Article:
Corsica certainly isn’t a foodie destination, and it’s not known for haute cuisine. However, freshness and quality reign supreme on the island, and good food isn’t hard to find.
Wild boar: I ordered sanglier because I knew it was a Corsican specialty and I was curious about it. I didn’t really expect to like it—I mean, it’s game meat and I still pretend to be semi-vegetarian—but I was pleasantly shocked by how much I enjoyed it. Served with polenta and olives, the meat is surprisingly tender and seasoned well.
The buzzing terrace tucked away from the main street attracted us to U Minello on our first night, and we weren’t disappointed. Service was friendly, the aperitifs and digestifs went down a bit too easily, and the food was hearty and delicious. (I had written down Beth Arnold’s recommendations, but forgot the list in the hotel room. My friend and I both died laughing after we talked about how happy we were to have stumbled over this place the whole way home, just to find out that we had eaten at the same place Beth had recommended!)
Fig: Fig Newtons were my only exposure to figs—which I think is pretty common for Americans— until I spent a summer on a Provencal farm when I was 16. While I was a bit hesitant to try a fresh fig, as soon as I bit into the juicy fruit, I was hooked. While figs are easy to find in the South of France, they were everywhere in Corsica. I tried a crepe with homemade fig jam, a dried fig coated in chestnut powder and a fig and pear tart. (Annie Traiteur is hands-down the best place to buy any Corsican specialties–their tarts, figs and quiches were amazing!)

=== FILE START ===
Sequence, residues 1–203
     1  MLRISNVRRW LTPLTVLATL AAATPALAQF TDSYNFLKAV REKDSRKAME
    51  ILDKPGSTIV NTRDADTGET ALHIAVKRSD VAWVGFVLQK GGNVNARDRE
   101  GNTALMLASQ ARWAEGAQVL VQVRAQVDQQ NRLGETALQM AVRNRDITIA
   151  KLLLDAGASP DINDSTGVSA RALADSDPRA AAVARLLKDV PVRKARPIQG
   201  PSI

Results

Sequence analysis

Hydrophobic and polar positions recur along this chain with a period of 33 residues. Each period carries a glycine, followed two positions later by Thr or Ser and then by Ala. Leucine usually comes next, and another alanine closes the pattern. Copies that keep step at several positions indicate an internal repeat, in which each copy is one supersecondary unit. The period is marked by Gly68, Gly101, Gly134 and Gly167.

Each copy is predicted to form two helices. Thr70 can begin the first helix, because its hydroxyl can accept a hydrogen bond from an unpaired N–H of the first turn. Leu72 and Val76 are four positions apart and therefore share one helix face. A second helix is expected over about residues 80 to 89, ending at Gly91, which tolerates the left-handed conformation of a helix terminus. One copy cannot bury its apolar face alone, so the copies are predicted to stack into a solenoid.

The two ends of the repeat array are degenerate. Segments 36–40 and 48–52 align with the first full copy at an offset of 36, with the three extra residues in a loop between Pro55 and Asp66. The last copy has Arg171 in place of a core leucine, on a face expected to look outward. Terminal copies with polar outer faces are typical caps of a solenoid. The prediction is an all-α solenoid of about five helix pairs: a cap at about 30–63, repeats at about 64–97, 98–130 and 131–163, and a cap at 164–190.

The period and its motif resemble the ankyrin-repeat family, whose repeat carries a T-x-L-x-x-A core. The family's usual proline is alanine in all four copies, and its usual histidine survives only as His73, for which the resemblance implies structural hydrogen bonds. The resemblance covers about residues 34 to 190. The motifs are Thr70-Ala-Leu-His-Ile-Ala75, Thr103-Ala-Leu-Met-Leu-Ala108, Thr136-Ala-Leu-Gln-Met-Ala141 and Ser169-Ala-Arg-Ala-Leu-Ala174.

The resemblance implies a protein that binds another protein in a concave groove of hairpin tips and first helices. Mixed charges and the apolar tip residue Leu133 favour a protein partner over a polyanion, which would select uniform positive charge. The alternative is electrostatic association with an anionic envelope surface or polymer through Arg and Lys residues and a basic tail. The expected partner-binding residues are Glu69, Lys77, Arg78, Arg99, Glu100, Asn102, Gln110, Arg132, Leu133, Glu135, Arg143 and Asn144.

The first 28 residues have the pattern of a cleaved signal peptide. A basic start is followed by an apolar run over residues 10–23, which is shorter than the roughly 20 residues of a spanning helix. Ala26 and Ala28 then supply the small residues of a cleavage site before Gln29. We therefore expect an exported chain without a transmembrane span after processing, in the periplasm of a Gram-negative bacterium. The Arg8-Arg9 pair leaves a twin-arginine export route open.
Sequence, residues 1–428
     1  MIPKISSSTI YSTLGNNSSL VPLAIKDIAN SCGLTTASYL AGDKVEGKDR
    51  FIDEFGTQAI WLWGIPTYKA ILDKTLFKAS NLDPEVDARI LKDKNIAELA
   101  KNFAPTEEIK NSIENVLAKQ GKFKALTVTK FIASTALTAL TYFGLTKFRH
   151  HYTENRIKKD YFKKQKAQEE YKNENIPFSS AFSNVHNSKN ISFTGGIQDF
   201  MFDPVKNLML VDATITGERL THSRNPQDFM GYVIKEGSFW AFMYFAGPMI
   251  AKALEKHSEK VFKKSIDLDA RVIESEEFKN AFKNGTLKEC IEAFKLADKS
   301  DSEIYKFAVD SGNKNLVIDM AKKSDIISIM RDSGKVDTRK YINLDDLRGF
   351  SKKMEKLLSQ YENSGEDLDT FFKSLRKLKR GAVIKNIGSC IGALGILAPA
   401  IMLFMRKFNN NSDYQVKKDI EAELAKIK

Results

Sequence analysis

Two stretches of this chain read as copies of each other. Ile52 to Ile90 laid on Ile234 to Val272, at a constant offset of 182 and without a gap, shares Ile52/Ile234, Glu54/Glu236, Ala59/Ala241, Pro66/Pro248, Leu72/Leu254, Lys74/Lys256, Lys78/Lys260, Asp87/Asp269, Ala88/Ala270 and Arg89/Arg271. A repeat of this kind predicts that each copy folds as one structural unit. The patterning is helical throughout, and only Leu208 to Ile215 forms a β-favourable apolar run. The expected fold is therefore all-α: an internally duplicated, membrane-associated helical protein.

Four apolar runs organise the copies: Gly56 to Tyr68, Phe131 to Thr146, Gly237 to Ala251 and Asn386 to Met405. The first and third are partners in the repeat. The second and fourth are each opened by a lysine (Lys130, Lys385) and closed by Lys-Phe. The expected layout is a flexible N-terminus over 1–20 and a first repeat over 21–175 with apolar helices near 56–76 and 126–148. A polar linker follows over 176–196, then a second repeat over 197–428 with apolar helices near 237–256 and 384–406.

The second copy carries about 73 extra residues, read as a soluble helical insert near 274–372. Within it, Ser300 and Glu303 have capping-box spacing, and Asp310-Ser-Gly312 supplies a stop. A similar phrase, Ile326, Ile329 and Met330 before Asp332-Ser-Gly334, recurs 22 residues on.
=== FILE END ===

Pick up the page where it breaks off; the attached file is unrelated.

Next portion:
Corsican cheese: I loved brocciu, the Corsican “national” cheese that was present in my breakfast pastry and my after-dinner cheesecake. Strolling the cheese case in the tiny Corsican specialty store, my interest was particularly piqued by a half-sheep, half-goat cheese. Has anyone tried this before?
Corsican charcuterie: I don’t like translating charcuterie into English—it’s just such a fun word to say in French! The closest definition is cold cuts, but it’s generally cold cooked pork: salami, seasoned ham, etc. You can find Corsican charcuterie in both specialty shops and restaurants, and it’s a nice light dinner (although not particularly balanced). With a Corsican beer in your hand, you can’t go wrong!
Solea: Corsica’s ice cream shop! Obviously, I had to try it. I was impressed with the panna cotta, the house specialty, and the raspberry was refreshing on a hot day. However, the flavor selection was a bit disappointing–especially since many of the “house specialties” weren’t available!
What are your favorite Corsican foods?